from The American Heritage® Dictionary of the English Language, 4th Edition

  • n. The juices that drip from cooking meat.
  • n. A sauce made by thickening and seasoning these juices.
  • n. Slang Money, profit, or benefit easily or illicitly gained.
  • n. Slang Payment or benefit in excess of what is expected or required.

from Wiktionary, Creative Commons Attribution/Share-Alike License

  • n. A thick sauce made from the fat or juices that come out from meat or vegetables as they are being cooked.
  • n. A type of gravy.
  • n. (among Italian-Americans) Sauce used for pasta.
  • n. Unearned gain.
  • n. Extra benefit.

from the GNU version of the Collaborative International Dictionary of English

  • n. The juice or other liquid matter that drips from flesh in cooking, made into a dressing for the food when served up.
  • n. Liquid dressing for meat, fish, vegetables, etc.

from The Century Dictionary and Cyclopedia

  • n. The fat and juices that drip from flesh in cooking; also, these juices made into a dressing for the meat when served.

from WordNet 3.0 Copyright 2006 by Princeton University. All rights reserved.

  • n. the seasoned but not thickened juices that drip from cooking meats; often a little water is added
  • n. a sauce made by adding stock, flour, or other ingredients to the juice and fat that drips from cooking meats
  • n. a sudden happening that brings good fortune (as a sudden opportunity to make money)


from The American Heritage® Dictionary of the English Language, 4th Edition

Middle English grave, from Old French, possibly a misreading of grane, stew, sauce, from Latin grānātus, having many seeds; see pomegranate.

from Wiktionary, Creative Commons Attribution/Share-Alike License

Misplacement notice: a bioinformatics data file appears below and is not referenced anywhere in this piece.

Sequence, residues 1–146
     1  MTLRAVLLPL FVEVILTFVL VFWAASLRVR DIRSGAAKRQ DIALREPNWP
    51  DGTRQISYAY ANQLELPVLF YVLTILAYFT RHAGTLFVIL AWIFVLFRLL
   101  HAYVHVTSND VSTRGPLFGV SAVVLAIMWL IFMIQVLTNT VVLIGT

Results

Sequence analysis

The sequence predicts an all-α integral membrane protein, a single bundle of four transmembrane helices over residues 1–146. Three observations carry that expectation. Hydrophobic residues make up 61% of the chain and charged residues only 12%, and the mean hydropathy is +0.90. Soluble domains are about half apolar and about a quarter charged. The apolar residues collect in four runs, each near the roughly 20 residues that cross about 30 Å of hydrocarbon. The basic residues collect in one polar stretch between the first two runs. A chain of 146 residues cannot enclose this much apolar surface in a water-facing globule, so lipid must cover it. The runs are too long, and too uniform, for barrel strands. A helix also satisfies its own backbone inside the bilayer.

From Middle English greavie; probably from greaves, graves, the sediment of melted tallow, from Old French. See greaves.


  • Kouvalis, the man credited with parlaying the phrase "gravy train" to a Ford victory, has been meeting with lawyers over the past few weeks to ensure no one is violating campaign-financing legislation. - Home Page

  • This classic combo of buckwheat groats, bowtie noodles and gravy, is incredibly simple to make when it it prepared as a side with a brisket in gravy.


  • The turkey was dry, and over-cooked, and I soon discovered that what we call gravy back in Jolly Old, was, in America, a white sauce made from a roux of butter, flour and milk.

    Gordon Brown, Charlie Whelan and Me

  • And the English word gravy appears, derived apparently but mysteriously from the French grané.

    On Food and Cooking, The Science and Lore of the Kitchen

  • Outspoken South African Archbishop Desmond Tutu said in September that he was disappointed that the black-led government had failed to stop what he termed the gravy train set in motion by its apartheid predecessors.

    ANC Daily News Briefing

  • The Jews rightly expound this law as forbidding only the blood of the life, as they express it, not that which we call the gravy, for of that they supposed it was lawful to eat.

    Commentary on the Whole Bible Volume I (Genesis to Deuteronomy)

  • The Italian surroundings did not rub off on this Irish-Swedish-American so I never spent all day stirring my homemade marinara, which they call gravy, by the way. -

  • CARRIE JOHNSON: Local political candidates and religious leaders are sitting side by side at the Kankakee Country Club, digging into biscuits and gravy from the buffet and waiting for this annual prayer breakfast to begin.

    No Opponent, But Big Money In Illinois Justice's Race

  • Mashed potatoes are a great side dish any time, but are especially good when gravy is involved in a meal, which is why I always make sure that they make an appearance at my Thanksgiving dinner.

    Roasted Garlic Mashed Potatoes | Baking Bites

  • Those dinners are usually delicious, but not the traditional dinners from up north, usually sliced turkey smothered in gravy, no cranberry sauce, and pretty good pumpkin pie with a little drizzle of white cake frosting on it.

    OK! Now that I know . . . . . .


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